I tried to counter the scary bits that their mates, grandma types and the debt collectors’, who don’t know anyway, had told them.
Through the website www.fredappleton.com.au I’m still trying to do the same today.
At this stage myself I didn’t know that the so called ‘stigma‘ of Bankruptcy was really just a myth, or at worst out of date propaganda. I would find out the truth in time.
Anyway, enough of this enquiry resulted in people asking me to prepare their bankruptcy paperwork for them, so I no longer had to rely on my wife for the basics. In those days her job was part time, so the pay wasn’t flash.
Soon I was able to contribute to the housekeeping again. Also, if I met a friend and he asked me to go and have a beer, I could pay my way.
From their feedback these people also helped me to learn a lot more about bankruptcy ‘from our point of view’.
Most of it was also my own experience, now just being told to me by somebody else. If I didn’t know the answers to the questions that I was asked I made it my business to find out. At times I must have driven my own bankruptcy trustee mad.
At the start I did everything myself, but I was getting back on my feet.
A husband and wife who had been my partners in the firm Appleton Millward & Co, Chartered Accountants, made contact.
They’d left Coffs Harbour for new challenges some years back and were now on the Gold Coast. They hadn’t seen or heard from me for some time, they didn’t know that I was bankrupt.
Tim Millward rode in on his motorbike. That’s how Helen Millward started to look after the forms and bankruptcy paperwork for our clients.
After a few years I think that I became their biggest client.
An email came in recently, quite unsolicited saying, ‘Just dropping you a line to say all is well and smooth as a baby’s bottom. What a relief to be able to sleep at night again and to feel the stress come off me, thanks to you and Helen for making this possible and saving my sanity. Cheers and a long life to you both.’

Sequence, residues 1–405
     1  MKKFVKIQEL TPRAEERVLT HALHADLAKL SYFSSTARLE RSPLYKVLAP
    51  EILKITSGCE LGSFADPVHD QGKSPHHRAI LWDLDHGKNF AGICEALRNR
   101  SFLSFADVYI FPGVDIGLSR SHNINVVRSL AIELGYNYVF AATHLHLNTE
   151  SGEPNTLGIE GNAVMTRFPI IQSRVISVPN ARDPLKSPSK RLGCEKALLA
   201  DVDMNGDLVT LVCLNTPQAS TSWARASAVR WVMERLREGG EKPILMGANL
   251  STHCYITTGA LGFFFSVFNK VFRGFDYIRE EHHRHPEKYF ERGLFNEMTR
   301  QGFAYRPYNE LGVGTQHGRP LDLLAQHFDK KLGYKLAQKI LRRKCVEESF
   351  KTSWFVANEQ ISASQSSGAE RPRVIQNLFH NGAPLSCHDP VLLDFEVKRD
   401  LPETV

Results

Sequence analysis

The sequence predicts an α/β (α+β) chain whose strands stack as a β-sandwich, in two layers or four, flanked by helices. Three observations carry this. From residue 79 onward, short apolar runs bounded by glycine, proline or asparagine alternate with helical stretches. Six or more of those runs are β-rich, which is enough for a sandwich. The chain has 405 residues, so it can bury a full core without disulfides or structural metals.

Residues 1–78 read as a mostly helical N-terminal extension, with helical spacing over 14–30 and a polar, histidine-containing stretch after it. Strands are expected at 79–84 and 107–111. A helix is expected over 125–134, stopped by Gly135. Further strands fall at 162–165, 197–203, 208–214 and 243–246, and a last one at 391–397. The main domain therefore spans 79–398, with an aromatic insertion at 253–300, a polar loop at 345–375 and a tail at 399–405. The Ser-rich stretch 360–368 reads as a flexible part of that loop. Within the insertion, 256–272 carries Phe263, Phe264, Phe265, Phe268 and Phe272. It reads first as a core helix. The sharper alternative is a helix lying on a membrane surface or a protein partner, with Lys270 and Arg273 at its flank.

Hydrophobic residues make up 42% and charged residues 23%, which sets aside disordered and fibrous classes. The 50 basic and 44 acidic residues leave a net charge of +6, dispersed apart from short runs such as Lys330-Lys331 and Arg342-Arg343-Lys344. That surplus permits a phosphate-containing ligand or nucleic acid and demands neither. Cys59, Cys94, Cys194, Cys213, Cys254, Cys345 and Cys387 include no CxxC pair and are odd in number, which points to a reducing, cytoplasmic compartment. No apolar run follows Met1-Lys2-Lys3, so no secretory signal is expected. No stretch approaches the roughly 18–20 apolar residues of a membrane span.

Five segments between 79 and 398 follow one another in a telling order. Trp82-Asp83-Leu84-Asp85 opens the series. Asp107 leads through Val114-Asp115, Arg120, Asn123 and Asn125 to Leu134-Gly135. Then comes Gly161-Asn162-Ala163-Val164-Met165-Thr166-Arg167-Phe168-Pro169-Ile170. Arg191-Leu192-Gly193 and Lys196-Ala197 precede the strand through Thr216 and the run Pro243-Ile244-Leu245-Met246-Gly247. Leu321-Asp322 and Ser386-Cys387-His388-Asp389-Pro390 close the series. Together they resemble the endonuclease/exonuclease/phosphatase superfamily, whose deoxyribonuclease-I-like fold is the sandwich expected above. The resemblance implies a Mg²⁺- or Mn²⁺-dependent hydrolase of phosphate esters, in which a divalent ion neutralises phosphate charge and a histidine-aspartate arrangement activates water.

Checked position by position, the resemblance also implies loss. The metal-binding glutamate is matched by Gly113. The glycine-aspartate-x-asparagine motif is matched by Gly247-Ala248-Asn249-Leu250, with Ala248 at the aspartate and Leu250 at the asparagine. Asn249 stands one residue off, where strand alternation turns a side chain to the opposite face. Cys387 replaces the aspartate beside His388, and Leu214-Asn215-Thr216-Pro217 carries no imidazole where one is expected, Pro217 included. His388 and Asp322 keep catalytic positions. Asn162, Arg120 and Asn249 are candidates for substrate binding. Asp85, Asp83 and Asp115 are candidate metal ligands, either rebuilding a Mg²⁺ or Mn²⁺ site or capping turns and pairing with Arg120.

Alan Nicholls made contact. In my early days as a Chartered Accountant in Coffs Harbour Alan made a cold canvas contact. For advertising he used to send accountants and solicitors coffee mugs with the Nicholls & Co logo and phone on them. If you wanted to ring him you just ducked out to the kitchen and checked on your coffee cup for his telephone number. I’ve still got one.
He hadn’t been a bankruptcy trustee in his own right for too long, so when the odd job in bankruptcy or a company liquidation came along, I was able to call his office and ask if he could give my client some help and advice.
Steve and I still do, and once or twice a year Steve and Alan meet up. Alan’s website is www.nichollsco.com.au and it has a lot of good information on it.
Another phone call came out of the blue from Nic Crouch. I had never heard of him, but as he too was just starting out as a bankruptcy trustee, he called to introduce himself. We still deal with Nic and his business partner Shabnam Amirbeaggi and the Crouch website is www.crouch.com.au. Steve catches up with Nic and Shabnam once or twice a year.
Steve and I have found all three to be very decent people, professional and ethical and we’re comfortable to deal with them. We usually get good reports back.
Eventually I was introduced to the internet and to Google and after a few years I found Brett Davies from Byte Back. Brett deserves a lot of credit for the way my internet presence took off after that.
I understand that he also looks after the computing needs one of the best known families in Australia, and also a media personality that we would all know, so I’m pleased to say that he still regards me as a close friend and client. As he said to me a few days ago….’Fred, we go back a long way’. We do.
Brett takes us flying
I wrote the original website many years ago and although I regularly update it. It has been listed on Google since September 2002. The old website had over one million hits by the time we transitioned to the new website that you are reading now.